Tokyo comes to L.A. on March 20
This three-part anthology, set in the titular city, opens in the Nuart Theatre in West Los Angeles and the Edwards Westpark 8 on March 20. With episodes directed by Bong Joon-Ho (THE HOST), Michael Gondry (ETERNAL SUNSHINE OF THE SPOTLESS MIND), and Leox Carax THE LOVERS ON THE BRIDGE), the film presents a surreal “fantasy in three movements,” consisting of “rhapsody, psychogeorgraphy, urban valentine, freak show, mindwalk, and many other things,” per the press release. The film infringes on genre territory, especially in its second episode, “Merde,” about a mysterious creature that rises from the sewer to spread panic in the streets of Tokyo.
- INTERIOR DESIGN (Michel Gondry): A young couple tries to set themselves up in Tokyo. The young man’s ambition is clear — to become a film director. His girlfriend, far more indecisive, cannot escape the vague feeling that she’s losing control of her life. Directionless, both are beginning to go under in this vast city until the young woman, utterly alone, becomes the object of a bizarre transformation…
- MERDE (Leos Carax): A mysterious creature spreads panic in the streets of Tokyo by means of his provocative and destructive behavior. This man, dubbed “The Creature of the Sewers” by the media, arouses both passion and repulsion…until the moment he is captured…
- SHAKING TOKYO (Bong Joon-Ho): For more than 10 years, he’s been a hikikomori. He lives shut up in his apartment, strictly limiting all contact with the outside world to an absolute minimum. When a pizza delivery girl faints in his home during an earthquake, the unthinkable happens — he falls in love. Shortly after, he learns that the girl has in turn become a hikikomori. Will he dare cross the threshold that separates his apartment from the rest of the world?
PRODUCERS STATEMENT: MASA SAWADA AND MICHIKO YOSHITAKE
The Greek word “rhapsody” designates “a work composed of several pieces presented one after the other.” Our project is a fantasy in three movements, three directors interpreting a single motif: TOKYO! It doesn’t matter whether each piece seems at odds with the others — when they are put together, they form a unique work. A “TOKYO! rhapsody,” to be precise.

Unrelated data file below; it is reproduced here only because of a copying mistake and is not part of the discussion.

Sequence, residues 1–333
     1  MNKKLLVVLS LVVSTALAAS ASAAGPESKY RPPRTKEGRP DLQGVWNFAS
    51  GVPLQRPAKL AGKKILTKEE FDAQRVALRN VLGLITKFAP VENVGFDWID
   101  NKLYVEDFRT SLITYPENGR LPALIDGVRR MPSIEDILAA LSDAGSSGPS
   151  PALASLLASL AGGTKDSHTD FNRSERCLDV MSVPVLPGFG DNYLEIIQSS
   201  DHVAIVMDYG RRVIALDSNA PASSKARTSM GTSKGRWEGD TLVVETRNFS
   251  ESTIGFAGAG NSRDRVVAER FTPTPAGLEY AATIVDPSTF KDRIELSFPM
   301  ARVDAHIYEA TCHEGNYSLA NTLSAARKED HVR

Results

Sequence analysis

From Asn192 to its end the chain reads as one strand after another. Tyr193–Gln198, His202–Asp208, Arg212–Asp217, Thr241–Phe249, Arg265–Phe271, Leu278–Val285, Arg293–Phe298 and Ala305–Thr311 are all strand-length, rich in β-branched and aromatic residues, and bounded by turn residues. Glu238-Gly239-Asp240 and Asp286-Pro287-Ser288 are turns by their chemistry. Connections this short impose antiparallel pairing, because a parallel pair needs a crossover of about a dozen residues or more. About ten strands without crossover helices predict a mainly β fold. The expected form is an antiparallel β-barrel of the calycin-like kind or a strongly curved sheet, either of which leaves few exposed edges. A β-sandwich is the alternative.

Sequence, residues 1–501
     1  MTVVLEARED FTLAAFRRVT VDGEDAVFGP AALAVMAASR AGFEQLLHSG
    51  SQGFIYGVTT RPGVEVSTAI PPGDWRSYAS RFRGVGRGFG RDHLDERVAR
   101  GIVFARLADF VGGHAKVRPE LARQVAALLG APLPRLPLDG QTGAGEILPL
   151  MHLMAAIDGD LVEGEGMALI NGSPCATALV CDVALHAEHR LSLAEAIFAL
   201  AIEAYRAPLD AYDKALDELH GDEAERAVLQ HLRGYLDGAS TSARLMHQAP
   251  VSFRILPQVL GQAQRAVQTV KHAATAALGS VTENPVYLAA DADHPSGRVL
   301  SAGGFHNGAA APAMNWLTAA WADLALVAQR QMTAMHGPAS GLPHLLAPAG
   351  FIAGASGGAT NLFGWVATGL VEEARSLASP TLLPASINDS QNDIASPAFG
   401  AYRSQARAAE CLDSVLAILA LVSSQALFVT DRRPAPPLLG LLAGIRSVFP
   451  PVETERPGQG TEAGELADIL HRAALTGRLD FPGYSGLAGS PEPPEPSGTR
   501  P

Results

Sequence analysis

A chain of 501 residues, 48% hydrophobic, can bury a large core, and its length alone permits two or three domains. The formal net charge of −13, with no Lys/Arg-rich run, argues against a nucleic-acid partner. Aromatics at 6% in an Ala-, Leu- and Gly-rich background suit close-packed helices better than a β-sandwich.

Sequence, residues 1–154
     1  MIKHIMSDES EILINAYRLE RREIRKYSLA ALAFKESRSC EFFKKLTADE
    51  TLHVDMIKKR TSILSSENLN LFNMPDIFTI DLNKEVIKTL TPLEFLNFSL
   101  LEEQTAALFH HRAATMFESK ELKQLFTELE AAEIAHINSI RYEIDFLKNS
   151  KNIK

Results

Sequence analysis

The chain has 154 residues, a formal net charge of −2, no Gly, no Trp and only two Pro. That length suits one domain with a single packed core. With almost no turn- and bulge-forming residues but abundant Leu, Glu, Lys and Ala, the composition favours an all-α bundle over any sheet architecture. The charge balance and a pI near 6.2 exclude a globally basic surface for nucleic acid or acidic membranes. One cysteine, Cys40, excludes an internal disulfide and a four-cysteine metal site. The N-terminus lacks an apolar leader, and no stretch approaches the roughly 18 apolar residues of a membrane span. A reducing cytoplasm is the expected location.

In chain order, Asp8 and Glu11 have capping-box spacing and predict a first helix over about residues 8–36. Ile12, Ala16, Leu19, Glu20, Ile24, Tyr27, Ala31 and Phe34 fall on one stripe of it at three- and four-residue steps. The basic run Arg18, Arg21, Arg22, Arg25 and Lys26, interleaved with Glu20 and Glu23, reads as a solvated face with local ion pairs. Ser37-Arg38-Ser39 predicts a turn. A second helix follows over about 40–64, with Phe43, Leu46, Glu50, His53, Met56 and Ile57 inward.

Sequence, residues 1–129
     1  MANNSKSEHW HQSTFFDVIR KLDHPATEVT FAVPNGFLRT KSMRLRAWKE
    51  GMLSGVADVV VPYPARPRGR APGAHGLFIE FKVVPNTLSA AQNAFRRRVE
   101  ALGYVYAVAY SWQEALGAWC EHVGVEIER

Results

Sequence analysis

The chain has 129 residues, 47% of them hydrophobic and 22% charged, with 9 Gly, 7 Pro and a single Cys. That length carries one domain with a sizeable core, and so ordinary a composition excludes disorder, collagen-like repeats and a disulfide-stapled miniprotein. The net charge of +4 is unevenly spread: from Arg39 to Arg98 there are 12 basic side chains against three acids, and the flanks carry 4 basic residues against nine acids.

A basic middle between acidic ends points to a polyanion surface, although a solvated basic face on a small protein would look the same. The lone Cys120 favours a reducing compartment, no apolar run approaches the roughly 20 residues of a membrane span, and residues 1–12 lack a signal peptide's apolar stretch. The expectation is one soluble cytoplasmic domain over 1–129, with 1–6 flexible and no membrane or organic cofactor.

All cities evolve. But whereas Paris or New York have managed to maintain a balance between tradition and evolution, TOKYO! is destined to develop endlessly. Economic growth has seen the city change at an exponential rate. This enormous metropolis is a film set in itself. Neither quiet nor calm, the city overflows with dizzying energy. Seen from abroad, Tokyo has grown from an exotic city to “TOKYO!,” an endlessly complex and fantasized-about assemblage emanating from an imminent future…
Our desire to produce a composite film rather than a single, full-length story was absolutely dictated by the nature of the city and its inhabitants; by the urban landscape that appears and disappears suddenly, in completely unexpected fashion; by the extraordinary behavior of people no longer really astonished by anything. There is something of the absurd in TOKYO! These three directors, each endowed with a rich and fertile sensibility, each so different from the others, capture the true spirit of TOKYO!